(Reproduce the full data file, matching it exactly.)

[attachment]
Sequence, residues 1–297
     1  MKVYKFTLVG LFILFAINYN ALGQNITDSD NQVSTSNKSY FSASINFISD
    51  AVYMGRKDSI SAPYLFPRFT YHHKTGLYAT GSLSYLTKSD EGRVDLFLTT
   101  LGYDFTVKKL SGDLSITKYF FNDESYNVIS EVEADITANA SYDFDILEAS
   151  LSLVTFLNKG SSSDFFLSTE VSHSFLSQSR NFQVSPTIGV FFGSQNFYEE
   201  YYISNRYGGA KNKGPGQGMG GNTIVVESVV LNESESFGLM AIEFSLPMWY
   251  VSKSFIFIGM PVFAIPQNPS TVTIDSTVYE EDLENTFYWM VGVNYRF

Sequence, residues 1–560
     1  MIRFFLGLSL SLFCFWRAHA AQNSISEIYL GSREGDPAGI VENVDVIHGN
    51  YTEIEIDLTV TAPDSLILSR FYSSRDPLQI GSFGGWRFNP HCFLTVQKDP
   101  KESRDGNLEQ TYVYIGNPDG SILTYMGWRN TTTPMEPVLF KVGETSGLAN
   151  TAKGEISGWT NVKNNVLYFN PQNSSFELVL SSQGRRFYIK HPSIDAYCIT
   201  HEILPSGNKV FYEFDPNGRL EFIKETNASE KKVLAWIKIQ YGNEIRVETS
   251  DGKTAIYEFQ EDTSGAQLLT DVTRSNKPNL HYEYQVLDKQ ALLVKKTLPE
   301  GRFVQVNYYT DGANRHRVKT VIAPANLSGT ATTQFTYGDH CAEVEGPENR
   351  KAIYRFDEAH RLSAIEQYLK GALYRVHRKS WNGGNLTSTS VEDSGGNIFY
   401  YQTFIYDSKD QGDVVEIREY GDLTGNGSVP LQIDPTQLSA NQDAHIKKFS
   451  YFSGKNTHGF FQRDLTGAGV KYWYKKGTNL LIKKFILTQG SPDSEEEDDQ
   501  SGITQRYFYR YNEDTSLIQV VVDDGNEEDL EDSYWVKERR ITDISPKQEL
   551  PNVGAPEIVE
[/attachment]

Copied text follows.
Sequence, residues 1–297
     1  MKVYKFTLVG LFILFAINYN ALGQNITDSD NQVSTSNKSY FSASINFISD
    51  AVYMGRKDSI SAPYLFPRFT YHHKTGLYAT GSLSYLTKSD EGRVDLFLTT
   101  LGYDFTVKKL SGDLSITKYF FNDESYNVIS EVEADITANA SYDFDILEAS
   151  LSLVTFLNKG SSSDFFLSTE VSHSFLSQSR NFQVSPTIGV FFGSQNFYEE
   201  YYISNRYGGA KNKGPGQGMG GNTIVVESVV LNESESFGLM AIEFSLPMWY
   251  VSKSFIFIGM PVFAIPQNPS TVTIDSTVYE EDLENTFYWM VGVNYRF

Sequence, residues 1–560
     1  MIRFFLGLSL SLFCFWRAHA AQNSISEIYL GSREGDPAGI VENVDVIHGN
    51  YTEIEIDLTV TAPDSLILSR FYSSRDPLQI GSFGGWRFNP HCFLTVQKDP
   101  KESRDGNLEQ TYVYIGNPDG SILTYMGWRN TTTPMEPVLF KVGETSGLAN
   151  TAKGEISGWT NVKNNVLYFN PQNSSFELVL SSQGRRFYIK HPSIDAYCIT
   201  HEILPSGNKV FYEFDPNGRL EFIKETNASE KKVLAWIKIQ YGNEIRVETS
   251  DGKTAIYEFQ EDTSGAQLLT DVTRSNKPNL HYEYQVLDKQ ALLVKKTLPE
   301  GRFVQVNYYT DGANRHRVKT VIAPANLSGT ATTQFTYGDH CAEVEGPENR
   351  KAIYRFDEAH RLSAIEQYLK GALYRVHRKS WNGGNLTSTS VEDSGGNIFY
   401  YQTFIYDSKD QGDVVEIREY GDLTGNGSVP LQIDPTQLSA NQDAHIKKFS
   451  YFSGKNTHGF FQRDLTGAGV KYWYKKGTNL LIKKFILTQG SPDSEEEDDQ
   501  SGITQRYFYR YNEDTSLIQV VVDDGNEEDL EDSYWVKERR ITDISPKQEL
   551  PNVGAPEIVE